Among many examples of successful Māori business leaders are Business Hall of Fame inductee Mavis Mullins, iMoko innovator Dr Lance O’Sullivan, Kono chief executive Rachel Taulelei, animation entrepreneur Ian Taylor, horticultural robotics entrepreneur Steve Saunders, Federation of Māori Authorities chair Traci Houpapa and 2017 Young Māori business Leader of the Year Blanche Murray.

All are exemplars of a rich vein of modern Māori entrepreneurship, integrating Māori and Western capabilities to create value.

An ideal model for enterprise assistance

This history shows that public funding of enterprise assistance for Māori ebbs and flows with changing political ideologies. My doctoral research shows that Māori businesses operate on an uneven playing field where Māori providers face a different level of scrutiny as to their value for money. Māori enterprises need both Māori-specific and mainstream support, but the knowledge of what works for Māori has so far been limited to policy evaluations rather than empirical research.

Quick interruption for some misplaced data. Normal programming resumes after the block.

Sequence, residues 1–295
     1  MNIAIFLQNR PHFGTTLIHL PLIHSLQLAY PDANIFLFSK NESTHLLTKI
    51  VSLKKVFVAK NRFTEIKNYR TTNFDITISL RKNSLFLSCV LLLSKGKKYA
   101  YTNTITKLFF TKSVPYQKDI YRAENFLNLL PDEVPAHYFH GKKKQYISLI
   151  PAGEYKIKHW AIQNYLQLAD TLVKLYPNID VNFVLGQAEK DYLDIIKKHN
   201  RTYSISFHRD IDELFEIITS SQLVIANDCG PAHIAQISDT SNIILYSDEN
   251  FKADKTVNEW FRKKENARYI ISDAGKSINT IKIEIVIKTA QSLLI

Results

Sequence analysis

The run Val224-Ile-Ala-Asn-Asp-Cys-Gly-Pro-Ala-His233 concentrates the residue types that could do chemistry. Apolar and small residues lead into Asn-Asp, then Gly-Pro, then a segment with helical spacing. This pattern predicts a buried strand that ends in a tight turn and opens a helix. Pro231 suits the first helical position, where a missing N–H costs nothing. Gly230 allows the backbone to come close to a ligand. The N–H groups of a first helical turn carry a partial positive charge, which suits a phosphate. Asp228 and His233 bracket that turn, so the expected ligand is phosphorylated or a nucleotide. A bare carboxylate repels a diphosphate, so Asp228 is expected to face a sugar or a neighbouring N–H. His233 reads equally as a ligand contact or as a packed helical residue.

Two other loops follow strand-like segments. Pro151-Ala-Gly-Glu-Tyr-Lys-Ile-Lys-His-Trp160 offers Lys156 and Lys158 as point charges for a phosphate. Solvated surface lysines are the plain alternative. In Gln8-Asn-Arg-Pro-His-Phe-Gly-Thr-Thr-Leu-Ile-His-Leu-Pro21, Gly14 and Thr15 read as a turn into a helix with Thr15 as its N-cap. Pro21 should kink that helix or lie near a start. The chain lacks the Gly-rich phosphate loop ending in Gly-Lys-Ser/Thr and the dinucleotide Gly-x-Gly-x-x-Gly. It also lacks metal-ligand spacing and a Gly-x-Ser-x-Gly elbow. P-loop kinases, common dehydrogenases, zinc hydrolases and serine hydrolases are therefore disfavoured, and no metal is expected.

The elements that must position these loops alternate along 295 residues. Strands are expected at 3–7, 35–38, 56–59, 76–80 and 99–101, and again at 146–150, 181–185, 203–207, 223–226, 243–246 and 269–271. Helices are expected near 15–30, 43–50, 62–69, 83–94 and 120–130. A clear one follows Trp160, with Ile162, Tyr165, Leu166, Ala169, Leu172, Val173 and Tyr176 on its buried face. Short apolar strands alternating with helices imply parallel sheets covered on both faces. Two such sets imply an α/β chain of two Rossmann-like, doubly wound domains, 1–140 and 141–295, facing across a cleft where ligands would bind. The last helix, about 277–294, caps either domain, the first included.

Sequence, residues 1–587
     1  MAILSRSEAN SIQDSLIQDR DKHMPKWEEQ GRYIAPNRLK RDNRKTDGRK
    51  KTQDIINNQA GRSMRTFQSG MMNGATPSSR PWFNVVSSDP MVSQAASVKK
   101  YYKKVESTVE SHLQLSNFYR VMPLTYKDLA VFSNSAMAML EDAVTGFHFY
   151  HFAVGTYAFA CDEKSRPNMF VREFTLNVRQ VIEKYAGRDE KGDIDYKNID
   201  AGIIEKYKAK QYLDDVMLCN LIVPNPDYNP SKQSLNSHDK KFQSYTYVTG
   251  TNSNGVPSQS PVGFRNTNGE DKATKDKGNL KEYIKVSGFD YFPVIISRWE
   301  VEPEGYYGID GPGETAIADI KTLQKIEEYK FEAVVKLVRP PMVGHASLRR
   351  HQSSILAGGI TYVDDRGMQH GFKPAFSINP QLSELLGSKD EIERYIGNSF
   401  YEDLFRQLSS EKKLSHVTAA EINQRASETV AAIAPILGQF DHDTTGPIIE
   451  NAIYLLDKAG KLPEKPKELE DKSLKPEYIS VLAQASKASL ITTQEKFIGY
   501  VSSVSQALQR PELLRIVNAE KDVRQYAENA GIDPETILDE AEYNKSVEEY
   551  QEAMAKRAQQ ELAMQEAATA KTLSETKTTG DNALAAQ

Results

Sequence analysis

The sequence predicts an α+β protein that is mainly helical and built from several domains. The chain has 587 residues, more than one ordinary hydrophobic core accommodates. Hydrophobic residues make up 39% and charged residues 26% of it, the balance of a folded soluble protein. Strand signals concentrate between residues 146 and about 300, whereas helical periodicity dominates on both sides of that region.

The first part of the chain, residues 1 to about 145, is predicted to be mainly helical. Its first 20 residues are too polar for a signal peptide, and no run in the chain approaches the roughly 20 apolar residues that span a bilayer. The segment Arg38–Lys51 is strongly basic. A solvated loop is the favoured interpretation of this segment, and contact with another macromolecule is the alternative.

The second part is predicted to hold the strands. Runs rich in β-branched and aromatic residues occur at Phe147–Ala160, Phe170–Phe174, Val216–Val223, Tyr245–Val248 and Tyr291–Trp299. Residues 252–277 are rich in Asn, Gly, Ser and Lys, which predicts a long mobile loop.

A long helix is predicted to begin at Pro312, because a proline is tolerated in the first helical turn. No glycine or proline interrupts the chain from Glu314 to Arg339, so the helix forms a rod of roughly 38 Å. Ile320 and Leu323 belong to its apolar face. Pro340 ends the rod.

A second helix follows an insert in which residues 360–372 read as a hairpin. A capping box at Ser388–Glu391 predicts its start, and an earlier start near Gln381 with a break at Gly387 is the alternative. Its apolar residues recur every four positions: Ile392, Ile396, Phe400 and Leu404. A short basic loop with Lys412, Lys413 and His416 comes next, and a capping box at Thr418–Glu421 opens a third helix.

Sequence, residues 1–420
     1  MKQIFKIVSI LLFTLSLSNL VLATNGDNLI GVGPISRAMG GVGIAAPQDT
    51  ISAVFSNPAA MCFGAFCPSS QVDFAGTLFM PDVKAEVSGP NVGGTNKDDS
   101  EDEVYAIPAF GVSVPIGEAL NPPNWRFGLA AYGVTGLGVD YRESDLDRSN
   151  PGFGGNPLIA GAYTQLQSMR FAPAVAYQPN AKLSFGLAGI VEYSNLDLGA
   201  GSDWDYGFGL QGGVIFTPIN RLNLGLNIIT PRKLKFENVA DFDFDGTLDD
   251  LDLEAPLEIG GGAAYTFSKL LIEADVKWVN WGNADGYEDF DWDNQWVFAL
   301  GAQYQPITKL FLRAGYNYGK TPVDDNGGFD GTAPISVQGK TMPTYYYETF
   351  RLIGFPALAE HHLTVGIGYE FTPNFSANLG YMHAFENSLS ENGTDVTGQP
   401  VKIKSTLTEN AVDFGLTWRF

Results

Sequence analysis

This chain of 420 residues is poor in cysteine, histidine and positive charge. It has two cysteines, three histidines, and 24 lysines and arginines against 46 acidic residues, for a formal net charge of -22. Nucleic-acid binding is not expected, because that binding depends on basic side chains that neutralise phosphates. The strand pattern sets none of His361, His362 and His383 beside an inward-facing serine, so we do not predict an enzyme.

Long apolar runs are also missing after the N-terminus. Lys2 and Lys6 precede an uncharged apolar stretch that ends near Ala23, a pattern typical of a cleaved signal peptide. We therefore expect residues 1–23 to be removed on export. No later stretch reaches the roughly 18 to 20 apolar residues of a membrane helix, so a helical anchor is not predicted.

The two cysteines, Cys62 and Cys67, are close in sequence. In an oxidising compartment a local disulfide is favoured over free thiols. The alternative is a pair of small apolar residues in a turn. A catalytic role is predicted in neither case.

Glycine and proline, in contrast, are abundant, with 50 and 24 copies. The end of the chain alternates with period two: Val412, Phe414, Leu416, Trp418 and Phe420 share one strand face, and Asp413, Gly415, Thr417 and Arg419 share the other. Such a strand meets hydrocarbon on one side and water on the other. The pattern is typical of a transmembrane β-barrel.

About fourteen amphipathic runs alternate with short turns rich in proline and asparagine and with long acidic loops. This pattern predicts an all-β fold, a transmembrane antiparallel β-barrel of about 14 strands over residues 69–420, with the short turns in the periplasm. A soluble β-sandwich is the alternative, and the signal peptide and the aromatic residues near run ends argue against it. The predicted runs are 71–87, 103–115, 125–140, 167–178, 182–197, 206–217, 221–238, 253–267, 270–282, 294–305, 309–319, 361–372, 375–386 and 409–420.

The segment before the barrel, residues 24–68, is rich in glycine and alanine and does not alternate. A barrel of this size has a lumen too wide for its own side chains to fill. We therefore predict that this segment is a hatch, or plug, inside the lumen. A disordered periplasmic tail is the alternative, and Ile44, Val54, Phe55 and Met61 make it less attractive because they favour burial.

My research found that Māori entrepreneurs identified seven main features of the ideal model of enterprise assistance:

  • operates within an entity substantially owned and controlled by Māori;
  • partially government funded;
  • delivery by Māori in partnership with mainstream providers;
  • multiplicity of assistance (e.g. information, advice, facilitation, training, grants, and finance);
  • cultural authenticity and flexibility;
  • long-term relationships with Māori enterprises;
  • and varying assistance over the business life cycle.

Within Te Au Rangahau, a Māori business and leadership research centre, we are building on this work. We found that Māori-specific providers tend to resemble these characteristics, but mainstream providers could improve.

Research identifies three key competencies that consistently matter to Māori entrepreneurs: cultural competency (knowledge of the Māori language, culture and history and the ability to use it), relational competency (time invested in forming relationships with Māori entrepreneurs) and technical competency (delivering on promises).

It also identifies principles that providers (Māori and mainstream) can use to evaluate their assistance against Māori entrepreneurs’ needs and preferences. With such change in enterprise assistance all of Aotearoa is set to benefit from the “new normal” – Māori entrepreneurial success. Mauri ora!